-d Set the SO_DEBUG option on the socket being used.
-f Flood ping. Outputs packets as fast as they come back or one hundred times per second, whichever is more. Implies -. to print a period for every ECHO_REQUEST sent and a backspace for every ECHO_REPLY received. This provides a rapid display of how many packets are being dropped. Only the super-user may use this option. This can be very hard on a network and should be used with caution.
-H Hostname output. Try to do a reverse DNS lookup when displaying addresses. This is the opposite of the -n option.
-I iface

For an IPv4 target, iface is an IP address indentifying an inter- face from which the packets will be sent. This flag applies only if the ping target is a multicast address.

For an IPv6 target, iface is a name of an interface (e.g., `em0') from which the packets will be sent. This flag applies if the ping target is a multicast address, or link-local/site-local unicast address.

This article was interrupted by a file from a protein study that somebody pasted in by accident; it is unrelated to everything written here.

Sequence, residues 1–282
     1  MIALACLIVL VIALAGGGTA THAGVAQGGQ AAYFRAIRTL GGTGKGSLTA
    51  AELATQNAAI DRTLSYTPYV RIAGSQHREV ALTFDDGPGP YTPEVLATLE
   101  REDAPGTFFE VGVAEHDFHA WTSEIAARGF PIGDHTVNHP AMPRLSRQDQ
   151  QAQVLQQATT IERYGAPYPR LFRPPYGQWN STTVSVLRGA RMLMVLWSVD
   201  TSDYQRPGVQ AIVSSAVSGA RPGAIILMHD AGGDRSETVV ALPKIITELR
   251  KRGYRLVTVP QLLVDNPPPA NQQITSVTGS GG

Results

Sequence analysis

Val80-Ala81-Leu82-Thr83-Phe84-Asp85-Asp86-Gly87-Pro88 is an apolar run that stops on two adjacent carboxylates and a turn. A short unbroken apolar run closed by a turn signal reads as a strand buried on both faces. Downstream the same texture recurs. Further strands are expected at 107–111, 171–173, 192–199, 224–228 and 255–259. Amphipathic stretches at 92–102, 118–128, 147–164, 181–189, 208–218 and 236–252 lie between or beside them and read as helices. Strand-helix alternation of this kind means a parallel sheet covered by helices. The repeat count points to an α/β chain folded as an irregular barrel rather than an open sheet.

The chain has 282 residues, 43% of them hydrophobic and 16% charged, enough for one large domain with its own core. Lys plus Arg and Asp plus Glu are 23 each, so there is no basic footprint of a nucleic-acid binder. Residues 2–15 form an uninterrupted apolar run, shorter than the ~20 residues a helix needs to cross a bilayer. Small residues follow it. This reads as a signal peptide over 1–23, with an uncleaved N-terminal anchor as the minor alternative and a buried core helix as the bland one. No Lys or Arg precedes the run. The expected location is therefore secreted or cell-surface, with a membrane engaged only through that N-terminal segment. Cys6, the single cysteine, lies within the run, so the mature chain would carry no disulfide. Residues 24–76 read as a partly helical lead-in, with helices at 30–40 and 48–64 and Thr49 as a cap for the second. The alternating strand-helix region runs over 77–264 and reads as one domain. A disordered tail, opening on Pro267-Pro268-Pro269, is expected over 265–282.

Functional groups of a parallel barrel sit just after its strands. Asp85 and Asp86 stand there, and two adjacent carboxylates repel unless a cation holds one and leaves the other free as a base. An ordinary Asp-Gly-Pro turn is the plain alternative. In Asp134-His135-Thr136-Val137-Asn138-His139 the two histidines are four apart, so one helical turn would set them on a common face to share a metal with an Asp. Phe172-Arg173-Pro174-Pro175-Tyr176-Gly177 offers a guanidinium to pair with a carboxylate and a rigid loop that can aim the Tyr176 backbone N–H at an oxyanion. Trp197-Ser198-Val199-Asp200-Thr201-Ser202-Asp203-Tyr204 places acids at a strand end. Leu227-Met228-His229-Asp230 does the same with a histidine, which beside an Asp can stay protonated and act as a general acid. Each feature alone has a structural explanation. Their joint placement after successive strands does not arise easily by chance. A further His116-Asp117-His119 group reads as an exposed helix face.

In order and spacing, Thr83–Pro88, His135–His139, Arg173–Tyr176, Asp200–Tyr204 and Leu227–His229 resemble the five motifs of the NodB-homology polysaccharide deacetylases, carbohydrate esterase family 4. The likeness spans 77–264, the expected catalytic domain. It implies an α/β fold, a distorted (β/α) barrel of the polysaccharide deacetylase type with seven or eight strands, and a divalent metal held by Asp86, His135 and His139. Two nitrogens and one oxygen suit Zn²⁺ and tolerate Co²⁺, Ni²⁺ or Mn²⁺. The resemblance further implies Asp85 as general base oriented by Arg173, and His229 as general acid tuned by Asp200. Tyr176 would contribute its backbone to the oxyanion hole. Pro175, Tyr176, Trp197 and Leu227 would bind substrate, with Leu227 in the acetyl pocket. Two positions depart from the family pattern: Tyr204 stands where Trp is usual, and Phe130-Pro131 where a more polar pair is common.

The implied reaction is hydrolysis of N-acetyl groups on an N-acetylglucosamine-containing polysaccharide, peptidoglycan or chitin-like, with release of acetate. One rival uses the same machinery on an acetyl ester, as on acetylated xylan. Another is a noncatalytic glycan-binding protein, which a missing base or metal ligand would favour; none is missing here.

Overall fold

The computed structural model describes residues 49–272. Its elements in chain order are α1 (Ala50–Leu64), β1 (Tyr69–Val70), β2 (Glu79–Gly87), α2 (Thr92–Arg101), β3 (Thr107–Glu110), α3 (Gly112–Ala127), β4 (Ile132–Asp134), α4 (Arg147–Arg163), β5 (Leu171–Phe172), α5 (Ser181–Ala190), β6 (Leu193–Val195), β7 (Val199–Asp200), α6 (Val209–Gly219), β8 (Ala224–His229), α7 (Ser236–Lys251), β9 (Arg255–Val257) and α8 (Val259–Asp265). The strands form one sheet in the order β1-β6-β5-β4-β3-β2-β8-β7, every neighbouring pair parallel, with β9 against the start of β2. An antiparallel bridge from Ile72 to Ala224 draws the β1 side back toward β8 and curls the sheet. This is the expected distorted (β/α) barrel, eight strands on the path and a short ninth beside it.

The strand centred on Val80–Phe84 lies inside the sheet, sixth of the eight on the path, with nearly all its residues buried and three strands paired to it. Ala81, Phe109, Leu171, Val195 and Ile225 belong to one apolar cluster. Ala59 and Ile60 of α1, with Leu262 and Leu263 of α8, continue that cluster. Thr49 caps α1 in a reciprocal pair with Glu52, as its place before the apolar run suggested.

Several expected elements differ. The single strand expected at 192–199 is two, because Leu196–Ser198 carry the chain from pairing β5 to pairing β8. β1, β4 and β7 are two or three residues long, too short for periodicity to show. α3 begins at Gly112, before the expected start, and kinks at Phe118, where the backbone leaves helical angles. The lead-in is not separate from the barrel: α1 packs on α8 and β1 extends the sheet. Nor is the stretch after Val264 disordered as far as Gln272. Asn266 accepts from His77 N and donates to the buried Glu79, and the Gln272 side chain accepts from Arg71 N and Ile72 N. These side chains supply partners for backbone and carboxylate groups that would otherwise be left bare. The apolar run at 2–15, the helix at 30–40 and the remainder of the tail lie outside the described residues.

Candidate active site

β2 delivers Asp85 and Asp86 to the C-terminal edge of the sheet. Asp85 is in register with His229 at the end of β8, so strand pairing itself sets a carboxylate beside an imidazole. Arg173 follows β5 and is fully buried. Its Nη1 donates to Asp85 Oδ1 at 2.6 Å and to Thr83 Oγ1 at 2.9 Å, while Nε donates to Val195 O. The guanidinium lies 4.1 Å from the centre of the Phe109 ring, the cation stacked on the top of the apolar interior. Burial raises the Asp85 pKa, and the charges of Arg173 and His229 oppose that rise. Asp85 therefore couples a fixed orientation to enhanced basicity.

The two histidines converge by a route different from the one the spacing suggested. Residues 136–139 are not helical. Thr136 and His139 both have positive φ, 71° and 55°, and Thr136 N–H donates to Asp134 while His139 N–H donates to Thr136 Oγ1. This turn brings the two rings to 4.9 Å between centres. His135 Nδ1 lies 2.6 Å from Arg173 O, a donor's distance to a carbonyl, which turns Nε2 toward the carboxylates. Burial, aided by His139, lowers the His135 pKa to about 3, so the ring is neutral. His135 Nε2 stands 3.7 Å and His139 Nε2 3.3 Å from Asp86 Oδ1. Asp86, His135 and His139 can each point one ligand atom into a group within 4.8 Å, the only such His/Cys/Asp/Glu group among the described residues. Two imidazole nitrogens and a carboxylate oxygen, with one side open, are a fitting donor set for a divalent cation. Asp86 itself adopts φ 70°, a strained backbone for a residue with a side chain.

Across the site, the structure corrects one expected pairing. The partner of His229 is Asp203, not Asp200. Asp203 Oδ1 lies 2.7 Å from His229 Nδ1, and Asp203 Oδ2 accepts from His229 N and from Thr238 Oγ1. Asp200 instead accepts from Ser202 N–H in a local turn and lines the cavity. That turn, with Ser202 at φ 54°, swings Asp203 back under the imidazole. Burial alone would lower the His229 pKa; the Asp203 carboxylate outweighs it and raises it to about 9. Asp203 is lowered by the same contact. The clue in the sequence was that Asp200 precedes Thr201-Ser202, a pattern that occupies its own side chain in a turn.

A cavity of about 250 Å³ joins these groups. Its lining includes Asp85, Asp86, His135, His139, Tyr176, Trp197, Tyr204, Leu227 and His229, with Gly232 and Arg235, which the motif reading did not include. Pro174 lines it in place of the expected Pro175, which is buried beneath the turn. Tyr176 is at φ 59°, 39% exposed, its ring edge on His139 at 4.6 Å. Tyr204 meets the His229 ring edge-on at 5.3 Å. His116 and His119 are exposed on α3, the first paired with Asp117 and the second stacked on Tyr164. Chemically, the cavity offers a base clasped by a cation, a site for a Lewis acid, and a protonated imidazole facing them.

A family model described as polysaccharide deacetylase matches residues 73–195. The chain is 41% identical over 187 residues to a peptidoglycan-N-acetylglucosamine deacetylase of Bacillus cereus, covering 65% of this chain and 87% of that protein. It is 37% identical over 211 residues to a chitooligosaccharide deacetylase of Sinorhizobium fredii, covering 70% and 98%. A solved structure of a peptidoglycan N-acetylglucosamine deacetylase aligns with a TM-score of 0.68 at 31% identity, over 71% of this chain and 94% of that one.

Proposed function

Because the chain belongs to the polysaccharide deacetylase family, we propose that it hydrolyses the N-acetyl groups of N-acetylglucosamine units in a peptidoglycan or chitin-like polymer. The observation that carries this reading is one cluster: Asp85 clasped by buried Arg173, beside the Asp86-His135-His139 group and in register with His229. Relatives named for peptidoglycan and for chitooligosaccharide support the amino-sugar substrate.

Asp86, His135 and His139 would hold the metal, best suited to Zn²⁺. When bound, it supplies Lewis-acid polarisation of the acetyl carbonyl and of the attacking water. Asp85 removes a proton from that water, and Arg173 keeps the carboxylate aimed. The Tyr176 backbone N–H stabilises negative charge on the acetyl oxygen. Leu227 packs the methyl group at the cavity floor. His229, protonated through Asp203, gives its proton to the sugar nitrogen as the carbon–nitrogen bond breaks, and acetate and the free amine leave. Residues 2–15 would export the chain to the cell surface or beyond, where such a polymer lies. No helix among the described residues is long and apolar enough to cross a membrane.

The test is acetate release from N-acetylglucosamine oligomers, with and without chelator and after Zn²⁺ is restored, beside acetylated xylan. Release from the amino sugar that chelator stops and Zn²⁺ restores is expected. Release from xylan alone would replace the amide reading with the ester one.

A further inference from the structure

-i wait Wait wait seconds between sending each packet. The default is to wait for one second between each packet. The wait time may be fractional, but only the super-user may specify values less than 1 second. This option is incompatible with the -f option.
-l preload If preload is specified, ping sends that many packets as fast as possible before falling into its normal mode of behavior. Only the super-user may use this option.
-m ttl

For an IPv4 target, set the IP Time To Live for outgoing packets.

If not specified, the kernel uses the value of the net.inet.ip.ttl MIB variable.

For an IPv6 target, set the IPv6 hoplimit.